Finding out about Liam’s cleft

The day of my 20 week anatomy scan.

We headed to the doctors office that afternoon, so excited to see our baby again. To see how much he weighed. On the way there my husband and I both made bets on how much he would weigh. I thought this was going to be just another routine appointment… check my weight, take my vitals, have an ultrasound, talk to the doctor and then go to lunch afterwards. Boy was I wrong. This was FAR from a normal visit.

During my ultrasound they were measuring his stomach, head, confirmed he was in fact a boy. But after 45 minutes I wondered what was taking so long. The woman said to me “just a few more shots of his face and then you are all set” I didn’t think anything of it. I thought he was just being stubborn as always during our ultrasounds. She finally got what she needed and sat us back in our room.

It took longer than usual for my midwife to come in. The second she walked in I knew something was wrong. By the way she looked at me, the way she said “how are we today?”. She went over all the measurements, told us how much he weighed. Then, I will never ever forget it. “Your baby will need surgery, your baby has a cleft lip and palate” I’m almost positive she said something else after that but I couldn’t tell you for the life of me what she said. I blacked out, my entire body went numb. I looked across the room at my husband and just lost it. I felt my heart break into millions of pieces. My midwife stepped out into the hallway and gave us a minute to get our emotions together.

How could this happen? It took us an entire year of fertility treatments to get pregnant and now this? Why us? What did I do wrong? Did I cause this? Did the fertility treatments cause this? Is he going to be okay? How will this affect his life? How will he eat? Will he need a feeding tube? Will he be bullied? Will others look at him differently? How can we put our baby through all these surgeries?

I fell into my husbands arms, uncontrollably crying. Trying to catch my breath. I felt like it was my fault. I did this to our baby.

My midwife came back in, gave me a huge hug. She assured us that it was nothing I did. I still couldn’t help but blame myself. She then asked if we have ever met someone with a cleft lip before. We said no. She lifted her head to the ceiling and said “look at my nose and lip, I was born with a cleft lip and you had no idea until just now”. I couldn’t believe it! There could not have been a better person in the world to break this news to us. After asking her a million and one questions, she told us that they were referring me to a specialist team at MUSC in Charleston, SC 2 hours away. That they would do a more advance ultrasound and go over the severity with us. That I would have to deliver there.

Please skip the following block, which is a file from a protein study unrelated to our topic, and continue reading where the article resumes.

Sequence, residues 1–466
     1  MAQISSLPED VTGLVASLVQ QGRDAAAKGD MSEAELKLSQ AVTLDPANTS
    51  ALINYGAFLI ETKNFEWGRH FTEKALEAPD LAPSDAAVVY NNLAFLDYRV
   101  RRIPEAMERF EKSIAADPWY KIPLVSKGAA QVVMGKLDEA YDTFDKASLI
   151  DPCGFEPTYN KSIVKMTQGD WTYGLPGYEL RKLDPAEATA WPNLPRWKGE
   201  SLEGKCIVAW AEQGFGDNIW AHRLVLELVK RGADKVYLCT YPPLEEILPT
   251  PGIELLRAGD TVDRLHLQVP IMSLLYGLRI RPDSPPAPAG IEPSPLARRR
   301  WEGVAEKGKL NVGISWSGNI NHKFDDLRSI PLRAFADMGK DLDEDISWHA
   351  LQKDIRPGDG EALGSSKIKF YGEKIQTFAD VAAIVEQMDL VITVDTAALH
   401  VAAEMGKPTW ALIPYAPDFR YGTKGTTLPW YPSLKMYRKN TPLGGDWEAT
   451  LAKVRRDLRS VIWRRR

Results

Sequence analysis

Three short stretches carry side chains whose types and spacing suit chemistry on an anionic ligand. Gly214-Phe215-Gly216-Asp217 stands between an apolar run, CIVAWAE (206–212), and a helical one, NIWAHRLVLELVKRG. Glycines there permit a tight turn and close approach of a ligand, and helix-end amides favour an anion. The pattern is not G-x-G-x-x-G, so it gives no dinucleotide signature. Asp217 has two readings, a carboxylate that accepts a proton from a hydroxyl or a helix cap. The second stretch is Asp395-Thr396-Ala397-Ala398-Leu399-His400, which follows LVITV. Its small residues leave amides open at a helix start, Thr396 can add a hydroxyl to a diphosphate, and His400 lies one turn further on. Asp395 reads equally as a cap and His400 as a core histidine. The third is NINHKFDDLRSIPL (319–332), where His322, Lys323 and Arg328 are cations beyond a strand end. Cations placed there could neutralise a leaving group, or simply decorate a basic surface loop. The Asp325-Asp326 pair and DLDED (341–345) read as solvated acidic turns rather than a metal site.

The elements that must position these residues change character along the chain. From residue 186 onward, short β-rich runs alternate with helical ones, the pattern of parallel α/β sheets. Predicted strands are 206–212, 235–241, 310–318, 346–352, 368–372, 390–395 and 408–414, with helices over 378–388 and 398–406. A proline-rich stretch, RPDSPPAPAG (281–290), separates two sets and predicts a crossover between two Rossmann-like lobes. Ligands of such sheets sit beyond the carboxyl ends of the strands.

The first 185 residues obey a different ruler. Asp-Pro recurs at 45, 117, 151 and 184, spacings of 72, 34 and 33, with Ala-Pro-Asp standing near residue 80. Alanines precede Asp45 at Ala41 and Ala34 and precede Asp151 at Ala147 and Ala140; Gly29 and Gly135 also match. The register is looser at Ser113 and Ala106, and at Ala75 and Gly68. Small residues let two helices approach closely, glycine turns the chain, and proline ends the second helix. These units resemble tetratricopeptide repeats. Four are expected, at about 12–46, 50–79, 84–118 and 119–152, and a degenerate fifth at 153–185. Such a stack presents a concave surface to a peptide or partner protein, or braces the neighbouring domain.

I cried and cried and cried all night long. I just couldn’t believe it. It felt like a dream. We were sad, angry, confused, scared, worried.

The very next day, we took that long 2 hour drive to MUSC. We were scheduled to get an ultrasound and to meet with the “cleft team”. What’s a cleft team? We had no idea. A cleft team includes specialists from Audiology, Genetics, Oral and Maxillofacial Surgery, Orthodontics, Pediatrics, Dentistry, Plastic and Reconstruction Surgery and Speech Pathologist. The doctor talked to us about “alternative options” – that wasn’t even a thought for us. We were keeping this baby no matter what and nothing would change our mind. We would love him no matter what. It was less than 24 hours ago we just found out and now we are meeting with a surgeon and talking about future surgeries. I was so overwhelmed. They went over all the complications and risks that comes with cleft lip and palate. They explained to us that he wouldn’t have suction, which meant I couldn’t breastfeed like I planned. This broke my heart. They gave us two “Specialty Feeding” bottles, a packet full of information and the timeline of all his surgeries. Explained to us about the taping that we would have to use and the NAM that they recommended to help with his palate.

We quickly learned that this was not just a “cosmetic fix” like everyone kept telling us. This was going to affect his life years and years down the road, until the age of around 20 years old. Maybe even longer.

Do we tell people? Do we keep it a secret? We had no idea how to go about this. We told our family that weekend and a couple close friends but we kept it quiet from everyone else. I found myself getting protective over the topic when it was brought up. I couldn’t talk about it without crying. I didn’t want to be told “I’m sorry”. I didn’t want the sympathy. I didn’t want the questions. I didn’t want to talk about it at all. It took about a good month and half for us to actually come to grips with this. To finally accept the fact that life will be a little bit harder for our little guy (and us). Eventually I found myself upset because I felt that I couldn’t share our ultrasound pictures anymore because no one knew. We decided that it was time to post something on Facebook and Instagram about it, to open up about it. I was TERRIFIED to do this. I was terrified of the comments I would get. Let me tell you, we were SO overwhelmed with the love we received. We knew we were going to have support but being on our own away from immediate family we knew that the support could only go so far. I was getting messages from strangers that I have never met before. They were sharing their stories with me, giving me advice, reassuring me that everything we were feeling was normal.

After coping with all the emotions that one can possibly feel, we knew that we would get through this difficult journey with the help of our family, friends and the wonderful cleft community.

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